Another observation, in this 1814 edition the text has been updated into modern usage and no longer has the long "S" which looks like an "f". Here is a link to the earlier edition at Internet Archive.

It is very likely Anna was familiar with Jane Austen, whose works are famously linked with her time in Bath, and no doubt would have been saddened when the author was to die so soon, in July 1817. Another notable departure that year was the tragic loss in childbirth of the heiress apparent, Princess Charlotte, as a result of which twenty years later her cousin, Princess Victoria, was destined to become Queen, under whom Anna’s future husband would serve in government.

On 14 August 1827, in Holy Trinity Church, Eccleshall, Staffordshire, Anna married The Hon. Sir George Grey, who was at the time a lawyer in private practice but who one year later succeeded to the baronetcy as the 2nd Earl Grey, and in 1832 entered Parliament initially as the Whig member for Devonport and in later years as the member for Morpeth. He would serve under four Prime Ministers, often as Home Secretary, and played an important role in many of the major reforms during the Victorian era.  

The younger George Grey,
sketch by George Richmond
The older George Grey,
Carte de visite photograph,
National Portrait Gallery London

Anna and George had only one child, a son, George Henry Grey, born in 1835, who followed a career in the militia. He was equerry to the Prince of Wales (later King Edward VII) as can be seen in this extract from the 1871 Census where he was in residence with the Prince at Marlborough House.

In spite of the strong moral principles of his father, George Henry seems to have followed in the footsteps of his other rakish relatives (and his boss, the Prince of Wales, for that matter!) as, according to an online family tree, he had two illegitimate children as well as seven legitimate ones.  George Henry died quite young, in December 1874, at Sandringham and the Prince of Wales attended his funeral service in Northumberland.

It must have been a terrible blow for Anna and George to lose their only son, but they went on to play important roles in raising their grandchildren, one of whom would become the more famous Edward Grey, 1st Viscount of Fallodon.

This report is from the Yorkshire Post and Leeds Intelligencer of 18 December, 1874:-

FUNERAL OF LIEUT.-COLONEL GREY.The remains of Lieut.-Colonel George Henry Grey, only son of the Right Hon. Sir George Grey, Bart., G.C.B, of Falloden, Northumberland, and one of the equerries of his Royal Highness the Prince of Wales, were interred shortly before noon yesterday, in the family vault, in the small churchyard of Embleton, situated about two miles from Falloden. The Prince of Wales was present, having arrived in the North on the preceding evening, and become the guest during his short stay of Earl Grey, at Howick Hall, which is only short distance from Falloden.The deceased gentleman expired after short illness, at the Equerries' Lodge, Sandringham, whence his body was removed to the family seat. He caught a severe cold whilst on short visit to Falloden three weeks ago, but proceeded to Sandringham, where congestion of the lungs afterwards set in, and he died yesterday week, the immediate cause of death being inflammation of the pleuris. The funeral procession, which consisted of hearse and five mourning coaches, left Falloden at eleven o'clock, and, on its arrival, was joined by the Prince of Wales, Earl Grey, the Duke of Northumberland, Earl Percy, M.P., and a number of the neighbouring gentry. [Full list of attendees not included here].A large assemblage of the neighbouring agricultural population was in the vicinity of the churchyard and on the route, and they evinced every mark of respect for the memory of the deceased and at his untimely end. There were also present the permanent staff of the Northumberland Light Infantry Militia, of which the deceased gentleman was lieutenant-colonel. The burial service was read by the Rev. W. Streatfeild, rector of Howick. The Prince of Wales left in the afternoon express train for the south.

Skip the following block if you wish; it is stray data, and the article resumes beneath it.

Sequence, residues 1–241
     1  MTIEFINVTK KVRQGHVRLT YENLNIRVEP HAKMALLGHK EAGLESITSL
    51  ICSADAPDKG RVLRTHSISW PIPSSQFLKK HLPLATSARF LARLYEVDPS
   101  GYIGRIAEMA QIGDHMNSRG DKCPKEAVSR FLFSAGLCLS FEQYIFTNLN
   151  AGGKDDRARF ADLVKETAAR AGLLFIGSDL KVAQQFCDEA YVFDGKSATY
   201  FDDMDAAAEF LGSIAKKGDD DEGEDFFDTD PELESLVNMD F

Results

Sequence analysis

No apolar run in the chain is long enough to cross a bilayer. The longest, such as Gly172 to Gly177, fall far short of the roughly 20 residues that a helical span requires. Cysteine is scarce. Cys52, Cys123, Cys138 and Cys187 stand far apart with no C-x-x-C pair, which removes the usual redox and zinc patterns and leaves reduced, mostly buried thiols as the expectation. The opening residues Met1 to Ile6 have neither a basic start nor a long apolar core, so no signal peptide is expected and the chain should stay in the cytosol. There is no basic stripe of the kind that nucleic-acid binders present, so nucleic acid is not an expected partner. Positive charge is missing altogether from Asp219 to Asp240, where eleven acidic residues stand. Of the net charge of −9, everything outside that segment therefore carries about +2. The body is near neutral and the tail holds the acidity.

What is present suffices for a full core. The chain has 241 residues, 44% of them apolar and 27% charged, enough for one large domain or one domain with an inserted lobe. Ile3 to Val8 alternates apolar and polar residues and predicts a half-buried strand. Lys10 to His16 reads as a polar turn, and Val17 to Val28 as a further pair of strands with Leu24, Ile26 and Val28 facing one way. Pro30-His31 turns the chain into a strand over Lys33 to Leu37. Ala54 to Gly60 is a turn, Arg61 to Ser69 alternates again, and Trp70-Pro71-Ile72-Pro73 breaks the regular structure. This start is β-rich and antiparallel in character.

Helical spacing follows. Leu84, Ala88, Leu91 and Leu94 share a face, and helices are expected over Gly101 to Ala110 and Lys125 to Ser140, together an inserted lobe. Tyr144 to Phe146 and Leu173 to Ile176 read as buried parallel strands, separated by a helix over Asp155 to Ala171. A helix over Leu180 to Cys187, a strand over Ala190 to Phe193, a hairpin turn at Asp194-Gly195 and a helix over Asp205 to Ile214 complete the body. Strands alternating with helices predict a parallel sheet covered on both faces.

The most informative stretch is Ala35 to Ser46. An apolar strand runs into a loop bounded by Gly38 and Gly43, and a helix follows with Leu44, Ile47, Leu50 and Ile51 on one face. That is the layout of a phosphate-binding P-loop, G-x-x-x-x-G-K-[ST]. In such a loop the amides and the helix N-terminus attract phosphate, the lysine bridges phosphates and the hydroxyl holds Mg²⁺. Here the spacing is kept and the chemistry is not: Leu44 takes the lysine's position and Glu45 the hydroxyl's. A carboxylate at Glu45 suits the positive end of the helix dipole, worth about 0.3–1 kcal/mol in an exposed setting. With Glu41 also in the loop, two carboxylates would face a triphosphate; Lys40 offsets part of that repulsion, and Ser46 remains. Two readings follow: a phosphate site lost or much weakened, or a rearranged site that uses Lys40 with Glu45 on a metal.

When he died in 1882, George had been married to Anna for 55 years, a record these days and even more remarkable then. Anna herself died in December 1893 just before her 89th birthday.